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Found 6 results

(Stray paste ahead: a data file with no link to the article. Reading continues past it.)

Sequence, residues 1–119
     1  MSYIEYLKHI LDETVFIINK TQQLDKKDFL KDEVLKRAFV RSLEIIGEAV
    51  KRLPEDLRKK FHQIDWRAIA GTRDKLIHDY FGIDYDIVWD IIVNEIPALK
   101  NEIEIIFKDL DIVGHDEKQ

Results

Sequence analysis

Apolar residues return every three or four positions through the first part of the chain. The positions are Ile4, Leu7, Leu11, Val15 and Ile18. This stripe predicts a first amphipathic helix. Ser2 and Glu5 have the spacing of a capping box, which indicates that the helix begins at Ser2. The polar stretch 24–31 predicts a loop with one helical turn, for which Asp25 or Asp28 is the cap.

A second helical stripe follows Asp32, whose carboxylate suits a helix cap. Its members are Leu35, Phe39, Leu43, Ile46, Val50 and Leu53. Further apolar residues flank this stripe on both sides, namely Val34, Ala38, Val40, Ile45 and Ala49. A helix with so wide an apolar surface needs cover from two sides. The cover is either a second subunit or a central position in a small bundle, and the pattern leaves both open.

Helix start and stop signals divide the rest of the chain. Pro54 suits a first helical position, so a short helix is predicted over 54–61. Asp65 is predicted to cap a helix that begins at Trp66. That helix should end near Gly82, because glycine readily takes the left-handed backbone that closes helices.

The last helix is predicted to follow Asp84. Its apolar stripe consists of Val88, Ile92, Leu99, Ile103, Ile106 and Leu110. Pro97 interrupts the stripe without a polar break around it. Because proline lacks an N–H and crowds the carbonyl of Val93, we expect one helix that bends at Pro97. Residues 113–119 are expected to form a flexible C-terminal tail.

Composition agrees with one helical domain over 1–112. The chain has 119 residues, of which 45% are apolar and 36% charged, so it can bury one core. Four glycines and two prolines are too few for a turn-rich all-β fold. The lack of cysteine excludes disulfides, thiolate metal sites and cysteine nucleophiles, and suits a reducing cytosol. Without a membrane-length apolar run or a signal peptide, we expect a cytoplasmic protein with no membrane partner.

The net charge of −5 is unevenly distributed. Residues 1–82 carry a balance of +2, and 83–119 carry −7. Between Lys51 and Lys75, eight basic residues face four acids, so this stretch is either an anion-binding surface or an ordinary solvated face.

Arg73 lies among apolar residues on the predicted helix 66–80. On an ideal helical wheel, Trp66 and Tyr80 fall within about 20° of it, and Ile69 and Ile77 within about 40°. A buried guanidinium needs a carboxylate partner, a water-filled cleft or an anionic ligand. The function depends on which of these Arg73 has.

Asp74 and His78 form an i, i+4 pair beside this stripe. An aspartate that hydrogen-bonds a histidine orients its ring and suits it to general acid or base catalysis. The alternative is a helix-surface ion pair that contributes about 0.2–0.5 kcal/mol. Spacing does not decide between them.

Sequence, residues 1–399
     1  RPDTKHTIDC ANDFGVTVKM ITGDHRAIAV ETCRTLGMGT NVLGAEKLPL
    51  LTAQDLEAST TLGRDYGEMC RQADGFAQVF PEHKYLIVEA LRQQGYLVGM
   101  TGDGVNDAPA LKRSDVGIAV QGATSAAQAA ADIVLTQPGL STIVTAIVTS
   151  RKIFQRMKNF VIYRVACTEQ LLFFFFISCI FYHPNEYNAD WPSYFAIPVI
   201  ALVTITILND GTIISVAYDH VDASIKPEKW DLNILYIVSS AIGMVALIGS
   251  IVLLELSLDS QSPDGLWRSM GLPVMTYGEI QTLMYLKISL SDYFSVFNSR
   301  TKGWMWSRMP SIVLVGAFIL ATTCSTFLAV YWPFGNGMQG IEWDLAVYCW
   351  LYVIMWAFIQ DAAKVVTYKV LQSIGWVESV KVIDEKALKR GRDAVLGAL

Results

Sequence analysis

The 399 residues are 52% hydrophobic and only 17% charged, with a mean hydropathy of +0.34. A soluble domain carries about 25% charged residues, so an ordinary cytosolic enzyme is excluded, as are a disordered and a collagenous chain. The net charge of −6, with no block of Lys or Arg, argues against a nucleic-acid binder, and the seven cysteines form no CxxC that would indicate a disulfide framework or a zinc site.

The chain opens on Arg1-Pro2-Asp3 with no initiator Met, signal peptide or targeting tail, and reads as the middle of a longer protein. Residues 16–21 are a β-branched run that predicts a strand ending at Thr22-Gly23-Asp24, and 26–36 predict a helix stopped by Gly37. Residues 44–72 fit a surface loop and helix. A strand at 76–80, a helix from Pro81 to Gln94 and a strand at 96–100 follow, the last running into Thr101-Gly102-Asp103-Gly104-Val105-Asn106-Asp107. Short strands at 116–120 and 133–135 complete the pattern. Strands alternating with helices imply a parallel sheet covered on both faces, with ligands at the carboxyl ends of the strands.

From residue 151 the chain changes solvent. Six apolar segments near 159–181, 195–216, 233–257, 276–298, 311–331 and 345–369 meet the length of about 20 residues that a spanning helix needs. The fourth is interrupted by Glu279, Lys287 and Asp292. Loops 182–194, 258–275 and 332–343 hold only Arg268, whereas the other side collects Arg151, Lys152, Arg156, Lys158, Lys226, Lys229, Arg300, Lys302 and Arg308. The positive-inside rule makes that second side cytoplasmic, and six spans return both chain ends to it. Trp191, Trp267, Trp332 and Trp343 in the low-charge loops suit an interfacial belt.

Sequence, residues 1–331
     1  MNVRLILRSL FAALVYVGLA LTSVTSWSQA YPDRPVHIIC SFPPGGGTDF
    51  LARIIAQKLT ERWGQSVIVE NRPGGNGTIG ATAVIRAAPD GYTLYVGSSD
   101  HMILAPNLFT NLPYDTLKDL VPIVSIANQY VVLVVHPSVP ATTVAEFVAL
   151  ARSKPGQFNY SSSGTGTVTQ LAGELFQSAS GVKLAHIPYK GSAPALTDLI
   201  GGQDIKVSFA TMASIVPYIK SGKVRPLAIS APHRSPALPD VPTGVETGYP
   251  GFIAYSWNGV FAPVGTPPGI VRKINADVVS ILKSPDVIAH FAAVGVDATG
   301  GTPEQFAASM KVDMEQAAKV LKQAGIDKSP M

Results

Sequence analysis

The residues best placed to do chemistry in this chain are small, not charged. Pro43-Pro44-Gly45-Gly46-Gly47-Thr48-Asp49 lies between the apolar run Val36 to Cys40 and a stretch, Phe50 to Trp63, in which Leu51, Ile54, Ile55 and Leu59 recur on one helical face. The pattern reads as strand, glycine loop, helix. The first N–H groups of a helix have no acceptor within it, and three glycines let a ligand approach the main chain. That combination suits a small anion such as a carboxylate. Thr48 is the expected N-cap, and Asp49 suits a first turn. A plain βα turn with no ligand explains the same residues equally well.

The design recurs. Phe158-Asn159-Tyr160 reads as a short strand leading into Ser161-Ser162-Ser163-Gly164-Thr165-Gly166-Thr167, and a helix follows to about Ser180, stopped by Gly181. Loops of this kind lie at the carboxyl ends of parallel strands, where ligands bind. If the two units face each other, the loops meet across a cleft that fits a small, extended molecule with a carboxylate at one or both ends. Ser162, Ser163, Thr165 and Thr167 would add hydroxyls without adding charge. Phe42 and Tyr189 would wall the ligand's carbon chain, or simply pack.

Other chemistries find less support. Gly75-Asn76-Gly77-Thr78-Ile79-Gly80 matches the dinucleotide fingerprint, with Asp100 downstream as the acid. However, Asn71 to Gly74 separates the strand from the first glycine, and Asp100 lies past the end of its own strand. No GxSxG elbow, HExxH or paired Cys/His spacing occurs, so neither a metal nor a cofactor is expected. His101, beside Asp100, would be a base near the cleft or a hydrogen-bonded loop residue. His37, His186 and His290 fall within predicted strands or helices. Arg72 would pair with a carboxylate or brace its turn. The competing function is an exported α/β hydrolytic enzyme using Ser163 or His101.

1. 2018 has not been kind to Holden. Sales have been stagnant and the brand saw its worst monthly sales of 3,927 cars in July. Market share has also been dropping to below five percent during the year. Now, the brand has halted production of the Commodore and Equinox in an effort to reduce a massive stockpile of vehicles. According to Wheels, Holden ordered way too many vehicles before it ceased local manufacturing in late 2017. But the past year has proven to be difficult with sales dropping and causing vehicles to sit in paddocks and holding yards, gathering dust. “The sales were going like that,” said Holden chairman Dave Buttner, motioning to the ground. “… and the tap hadn’t been turned off, so the production’s still coming towards us - and that horrified me as an old [product] planner.” How bad is it? Holden has only sold 3,621 Equinoxes through the first nine months of 2018. Competitors sell a similar amount in a timeframe of six weeks. “You have to be able to turn production down, but the idea is that you don’t have to do that often. This is a fairly unique situation where we allowed the stock to keep coming towards us. Being an old manufacturing guy I’m fully cognoscente of the burden that puts on a manufacturing plant," said Buttner. “We’ve had good cooperation from the plants but it wouldn’t be something I’d like to repeat on a regular basis because from a credibility point of view you don’t build it by doing that.” Holden has asked the Opel factory in Germany (now owned by PSA Group) to not build anymore Commodores until next year. It is unclear if Holden asked the same for the timeframe to the GM factory that builds the Equinox. How is Holden planning to reduce the massive backlog of vehicles? Motoring.com.au says it will not be through a fire sale. “I’m confident we can finish the year strongly. There is not going to be any fire sale. Or any increase in demonstrators. If we do that then we’ll get what we deserve. We want to start next year with a clean slate, start rebuilding and get on with the job,” Buttner told the outlet. We wouldn't be surprised if Holden does provide some offers to help move models. Source: Wheels, Motoring View full article